The process of reconfiguring the old Baltimore Sun building on North Calvert Street is getting pricey.
Just 16 months ago, the city said that making improvements to the space, in order to relocate the Baltimore Police Department’s Central District staff, would cost $1.8 million.
Tomorrow, the Board of Estimates is scheduled to reimburse the owner $4.1 million for unspecified improvements to a building that, standing vacant for several years, recently began housing about 170 police officers as well as fire and emergency management units.
Unlike many commercial leases, the city is fully responsible for paying the owner, Atapco Properties, for the “build-out,” plus a 5% management fee.
On top of these costs, the city is paying monthly rent to the old-line Baltimore-based property manager that could increase by 48% over the three-year life of the contract.
A key factor is whether the city decides to lease the entire building.
One scenario under consideration is to house the 911/311 communications center, police forensic lab and other agencies in the building.
If City Hall opts not to fully lease the structure, the contract specifies that an additional monthly rent of $62,500 will be paid to Atapco, followed by the city’s agreement to vacate the building.
“A unique opportunity”
Such unusual terms led then-Comptroller Joan Pratt to vote against the deal when presented to the Board of Estimates in April 2020.
Pratt said she was worried that the contract was “not a good value for the taxpayer,” which Mayor Bernard C. “Jack” Young dismissed as shortsighted.
“I believe strongly in fiscal responsibility and am pleased to identify and move forward with a unique opportunity,” Young responded, saying the city would save at least $800,000 in maintenance costs on the older buildings that the BPD and others would vacate.
He was flanked by Police Commissioner Michael Harrison, who called the contract’s approval “a great day for the Baltimore Police Department.”
Improving working conditions for officers “with state-of-the art, 21st century facilities. . . will reduce crime and optimize our efforts in building community relationships,” Harrison said.
Brandon Scott, then City Council president, also voted in favor of the lease. Now mayor, his office introduced the $4.1 million reimbursement that is coming before the spending board for approval tomorrow.
Atapco’s $15.5 million purchase in 2017 of the aging complex, which once contained the editorial offices and printing plant of Baltimore’s premier newspaper, was widely considered a bust before the city came to the rescue.
The new owner at first marketed the building as a hub for upscale living. It unveiled plans for a grocery store surrounded by retail, office and restaurant space connected by a pedestrian mall.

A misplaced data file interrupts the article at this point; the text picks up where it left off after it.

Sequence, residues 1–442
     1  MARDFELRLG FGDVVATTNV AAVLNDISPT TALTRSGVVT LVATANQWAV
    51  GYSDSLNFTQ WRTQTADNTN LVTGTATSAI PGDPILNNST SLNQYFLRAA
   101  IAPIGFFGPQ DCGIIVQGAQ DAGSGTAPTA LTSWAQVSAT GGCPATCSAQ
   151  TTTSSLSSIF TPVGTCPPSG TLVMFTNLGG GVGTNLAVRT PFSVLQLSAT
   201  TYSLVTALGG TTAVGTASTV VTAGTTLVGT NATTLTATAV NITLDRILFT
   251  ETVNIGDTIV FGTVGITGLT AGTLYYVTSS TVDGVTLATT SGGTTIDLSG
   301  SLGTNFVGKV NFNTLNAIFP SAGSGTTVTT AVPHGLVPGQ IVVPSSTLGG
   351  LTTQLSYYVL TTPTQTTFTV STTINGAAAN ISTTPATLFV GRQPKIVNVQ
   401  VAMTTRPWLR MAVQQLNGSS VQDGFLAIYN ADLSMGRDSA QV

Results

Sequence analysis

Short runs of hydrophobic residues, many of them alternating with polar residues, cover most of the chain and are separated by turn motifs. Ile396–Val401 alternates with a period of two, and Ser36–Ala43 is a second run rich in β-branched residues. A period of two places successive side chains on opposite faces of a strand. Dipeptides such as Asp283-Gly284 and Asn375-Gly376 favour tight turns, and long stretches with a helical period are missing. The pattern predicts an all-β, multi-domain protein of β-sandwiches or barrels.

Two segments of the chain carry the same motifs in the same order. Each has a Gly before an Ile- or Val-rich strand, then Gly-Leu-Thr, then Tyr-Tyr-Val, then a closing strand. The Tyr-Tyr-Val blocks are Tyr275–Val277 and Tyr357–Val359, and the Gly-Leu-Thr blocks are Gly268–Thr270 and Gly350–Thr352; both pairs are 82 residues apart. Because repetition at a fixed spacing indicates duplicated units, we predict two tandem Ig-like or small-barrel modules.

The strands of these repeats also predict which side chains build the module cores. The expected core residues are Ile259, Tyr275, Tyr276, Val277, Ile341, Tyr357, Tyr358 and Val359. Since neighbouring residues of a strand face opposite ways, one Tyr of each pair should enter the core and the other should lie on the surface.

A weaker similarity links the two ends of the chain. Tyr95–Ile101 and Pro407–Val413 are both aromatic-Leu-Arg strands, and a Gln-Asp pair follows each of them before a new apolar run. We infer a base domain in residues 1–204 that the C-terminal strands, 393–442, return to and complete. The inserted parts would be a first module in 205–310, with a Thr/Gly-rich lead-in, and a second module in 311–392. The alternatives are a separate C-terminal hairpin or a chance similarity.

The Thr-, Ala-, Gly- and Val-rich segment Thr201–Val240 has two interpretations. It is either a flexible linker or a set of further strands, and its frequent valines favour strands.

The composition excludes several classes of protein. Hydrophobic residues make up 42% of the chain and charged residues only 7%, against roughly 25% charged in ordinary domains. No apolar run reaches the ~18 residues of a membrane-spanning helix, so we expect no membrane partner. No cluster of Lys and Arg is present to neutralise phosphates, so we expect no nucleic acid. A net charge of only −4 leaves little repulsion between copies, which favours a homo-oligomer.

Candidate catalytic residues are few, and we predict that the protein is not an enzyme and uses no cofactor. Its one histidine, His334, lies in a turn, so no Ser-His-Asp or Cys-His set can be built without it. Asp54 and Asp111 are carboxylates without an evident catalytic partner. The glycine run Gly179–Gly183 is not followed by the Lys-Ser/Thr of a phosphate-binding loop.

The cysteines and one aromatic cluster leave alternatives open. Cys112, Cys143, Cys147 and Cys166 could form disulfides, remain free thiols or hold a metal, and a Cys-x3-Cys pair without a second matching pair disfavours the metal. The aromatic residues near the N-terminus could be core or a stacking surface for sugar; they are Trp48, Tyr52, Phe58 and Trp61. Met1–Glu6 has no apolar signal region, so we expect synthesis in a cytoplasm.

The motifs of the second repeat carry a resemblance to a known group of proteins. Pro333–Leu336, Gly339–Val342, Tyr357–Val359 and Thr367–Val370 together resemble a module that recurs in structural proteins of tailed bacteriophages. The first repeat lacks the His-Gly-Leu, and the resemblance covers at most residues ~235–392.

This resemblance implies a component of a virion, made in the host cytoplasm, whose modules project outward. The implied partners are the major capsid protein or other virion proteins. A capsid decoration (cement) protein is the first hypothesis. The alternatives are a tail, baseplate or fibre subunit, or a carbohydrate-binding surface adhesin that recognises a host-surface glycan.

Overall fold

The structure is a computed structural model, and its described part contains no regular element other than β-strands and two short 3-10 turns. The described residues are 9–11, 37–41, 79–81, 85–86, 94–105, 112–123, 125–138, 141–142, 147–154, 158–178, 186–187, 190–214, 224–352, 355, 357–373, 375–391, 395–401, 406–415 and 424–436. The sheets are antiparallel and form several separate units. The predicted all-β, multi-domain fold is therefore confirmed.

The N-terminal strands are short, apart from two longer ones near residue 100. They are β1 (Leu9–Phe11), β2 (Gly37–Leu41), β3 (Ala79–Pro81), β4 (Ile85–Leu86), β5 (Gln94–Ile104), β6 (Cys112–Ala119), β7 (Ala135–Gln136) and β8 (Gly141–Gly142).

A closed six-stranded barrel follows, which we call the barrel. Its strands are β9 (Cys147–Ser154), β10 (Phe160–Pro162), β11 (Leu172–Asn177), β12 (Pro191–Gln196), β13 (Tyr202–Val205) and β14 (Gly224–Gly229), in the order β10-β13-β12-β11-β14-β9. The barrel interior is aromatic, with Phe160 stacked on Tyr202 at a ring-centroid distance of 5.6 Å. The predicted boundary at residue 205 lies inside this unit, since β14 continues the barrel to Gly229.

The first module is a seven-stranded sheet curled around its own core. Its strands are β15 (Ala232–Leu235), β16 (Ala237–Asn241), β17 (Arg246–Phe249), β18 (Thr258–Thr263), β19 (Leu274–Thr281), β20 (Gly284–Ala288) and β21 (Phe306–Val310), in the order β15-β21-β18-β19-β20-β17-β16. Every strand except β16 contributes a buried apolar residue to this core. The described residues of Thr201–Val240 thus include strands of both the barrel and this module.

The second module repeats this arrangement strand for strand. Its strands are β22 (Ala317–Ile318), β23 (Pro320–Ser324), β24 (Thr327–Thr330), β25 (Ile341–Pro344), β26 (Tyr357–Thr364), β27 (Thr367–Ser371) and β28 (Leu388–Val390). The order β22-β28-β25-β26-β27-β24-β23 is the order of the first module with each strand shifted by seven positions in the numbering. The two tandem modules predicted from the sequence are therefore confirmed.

“We’re having a lot of conversations. There’s a lot of interest,” Atapco President Kevin McAndrews said at the time.
But no grocery store or restaurant chain snapped at the bait. By December 2018, McAndrews was lamenting to the Baltimore Business Journal that the age and size of the property made conversion difficult.
Out of Service
Left unsaid was the building’s proximity to homeless encampments and a bleak landscape of outer downtown lots filled with parked vehicles during the day and left barren the rest of the time.
During that same month in 2018, a sewer line broke at the Central Police District Station, sickening an employee and forcing staff to flee to the police headquarters building at 601 East Fayette Street.
With the station out of service, the die was cast for a grand plan to consolidate an array of scattered public safety personnel into one building.
Currently, Central District staff inhabit the lobby and third floor of the building, joined (or soon to be joined) by EMS training and administration personnel, CitiWatch, the Warrant Apprehension Task Force and others. Much of the recent improvements involved reconditioning the garage space for EMS vehicles.
Under the lease, the city is allotted 50 free spaces in the garage north of Centre Street with access to the pedestrian bridge linking it to the main building.
Atapco is responsible for basic maintenance, while the city pays for janitorial services, security and trash removal.
According to tomorrow’s agenda, “The relocation of the assets will enable the city to sell or develop several aged buildings that are, along with their operating systems, beyond their useful life.”
These “assets” (police, EMS and other employees) now occupy 142,645 of the 435,000 square feet in the building.
Below: Starting at 3:30, Ex-Mayor Jack Young and Police Commissioner Harrison celebrate the lease of the ex-Sun building at an April 22, 2020 press conference.